FTC’s Privacy Shield Enforcement Actions Show Broader Enforcement Lens

On September 27, the Federal Trade Commission (FTC) announced proposed settlement agreements with four companies it alleges violated Section 5 of the FTC Act by misrepresenting their certification status and compliance with the EU-U.S. Privacy Shield. This latest set of enforcement actions brings the FTC’s Privacy Shield related enforcement to settlements with eight defendants since the framework was adopted in July 2016.

The FTC brought its first set of separate Privacy Shield related enforcement actions against three companies in September 2017 for allegedly misrepresenting to customers the companies’ current participation in the Privacy Shield framework. According to the FTC complaints, merely implying participation in the Privacy Shield framework is enough to draw a misrepresentation charge. In those cases, the companies included statements in their privacy policies that they complied with the Privacy Shield principles though the companies had never completed the certification process with the Department of Commerce.

In a second set of Privacy Shield related actions, the FTC reached a settlement with California-based ReadyTech Corporation for representing to consumers that the company was in the process of obtaining certification status. According to the FTC, while the company had begun the certification process almost two years earlier, it failed to complete the steps necessary to participate in the Privacy Shield framework despite representing to customers that it was pursuing Privacy Shield certification. The FTC alleged that the statement in ReadyTech’s privacy policy that “[it] is in the process of certifying that [it] compl[ies] with the U.S.-E.U. Privacy Shield framework…” effectively represented “directly or indirectly, expressly or by implication” that the company was actively seeking Privacy Shield certification.

The FTC’s recent set of enforcement actions introduced a couple new FTC models of Privacy Shield enforcement.

First, the FTC is ready to bring enforcement actions against companies who let their Privacy Shield certification lapse but fail to amend their representations to customers. Three of the companies targeted in the recent actions had actually obtained Privacy Shield certification status but failed to complete their annual re-certification as required by the Privacy Shield principles. Despite the lapses, according to the FTC, the companies maintained outdated statements in their privacy policies representing that their Privacy Shield certification was current.

Second, the FTC added to its complaints against two of those companies a second count alleging that despite their certifications lapsing, the companies failed to provide the Department of Commerce with an affirmation that the data they received while still certified under Privacy Shield would continue to be treated in accordance with Privacy Shield principles. The FTC alleged in its complaints that those companies’ failure to provide the Department of Commerce with the required affirmation rendered the companies’ statements “that they would abide by the EU-U.S. Privacy Shield framework principles” to be false.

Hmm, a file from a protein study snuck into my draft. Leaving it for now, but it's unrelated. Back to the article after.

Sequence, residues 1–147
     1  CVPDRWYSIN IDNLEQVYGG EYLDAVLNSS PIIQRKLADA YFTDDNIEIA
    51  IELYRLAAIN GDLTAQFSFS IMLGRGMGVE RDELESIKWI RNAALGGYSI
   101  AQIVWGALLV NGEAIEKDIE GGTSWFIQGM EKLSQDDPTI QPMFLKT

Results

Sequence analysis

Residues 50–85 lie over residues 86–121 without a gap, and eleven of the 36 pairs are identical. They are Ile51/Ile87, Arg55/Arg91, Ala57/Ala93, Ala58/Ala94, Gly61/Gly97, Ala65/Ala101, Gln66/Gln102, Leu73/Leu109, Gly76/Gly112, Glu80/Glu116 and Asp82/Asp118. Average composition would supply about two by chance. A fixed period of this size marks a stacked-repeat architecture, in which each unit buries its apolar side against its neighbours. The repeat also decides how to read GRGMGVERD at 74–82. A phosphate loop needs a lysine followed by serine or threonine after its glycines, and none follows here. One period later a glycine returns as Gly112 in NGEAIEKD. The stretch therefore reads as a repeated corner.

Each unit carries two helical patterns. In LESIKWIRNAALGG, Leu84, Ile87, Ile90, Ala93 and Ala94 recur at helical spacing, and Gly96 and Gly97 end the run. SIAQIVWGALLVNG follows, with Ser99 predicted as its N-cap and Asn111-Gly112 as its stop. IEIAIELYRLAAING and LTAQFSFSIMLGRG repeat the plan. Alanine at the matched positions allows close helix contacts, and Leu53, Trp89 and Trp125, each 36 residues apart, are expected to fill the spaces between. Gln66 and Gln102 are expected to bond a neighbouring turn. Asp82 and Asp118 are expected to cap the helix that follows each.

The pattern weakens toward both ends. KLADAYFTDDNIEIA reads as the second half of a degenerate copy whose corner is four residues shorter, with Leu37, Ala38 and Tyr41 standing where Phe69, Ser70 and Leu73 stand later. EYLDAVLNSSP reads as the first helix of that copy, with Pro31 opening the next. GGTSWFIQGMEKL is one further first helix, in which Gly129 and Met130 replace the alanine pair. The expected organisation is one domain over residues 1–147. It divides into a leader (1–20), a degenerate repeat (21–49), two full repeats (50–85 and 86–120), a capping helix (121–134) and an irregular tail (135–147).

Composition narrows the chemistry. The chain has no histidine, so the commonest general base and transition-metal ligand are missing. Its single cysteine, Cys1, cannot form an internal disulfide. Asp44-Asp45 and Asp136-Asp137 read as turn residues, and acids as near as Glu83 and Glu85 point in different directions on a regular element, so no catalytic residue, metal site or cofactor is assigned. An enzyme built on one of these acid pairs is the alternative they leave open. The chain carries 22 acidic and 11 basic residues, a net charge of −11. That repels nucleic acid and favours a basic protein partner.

As echoed by Andrew Smith, Director of the FTC’s Bureau of Consumer Protection, the FTC’s recent Privacy Shield enforcement actions show the agency’s continued intention to use companies’ misrepresentations about Privacy Shield compliance and certification as a basis for bringing enforcement actions against them. Privacy Shield participants should ensure not only that their Privacy Shield certifications remain current but also that the representations they make about Privacy Shield compliance remain up-to-date. In addition, former Privacy Shield participants should provide the Department of Commerce with the required affirmation that data collected while the company was Privacy Shield certified will continue to be treated according to its principles.

Update: On November 19, 2018, the FTC approved its proposed settlements with the four companies in a 4-0-1 vote after receiving no comments.


Authored by Bret Cohen and Julian Flamant

*Julian Flamant was not yet a member of the Washington, D.C. bar when this post was originally published.

Bret Cohen
Washington, D.C.
Julian Flamant
Senior Associate
Washington, D.C.


This website is operated by Hogan Lovells International LLP, whose registered office is at Atlantic House, Holborn Viaduct, London, EC1A 2FG. For further details of Hogan Lovells International LLP and the international legal practice that comprises Hogan Lovells International LLP, Hogan Lovells US LLP and their affiliated businesses ("Hogan Lovells"), please see our Legal Notices page. © 2024 Hogan Lovells.

Attorney advertising. Prior results do not guarantee a similar outcome.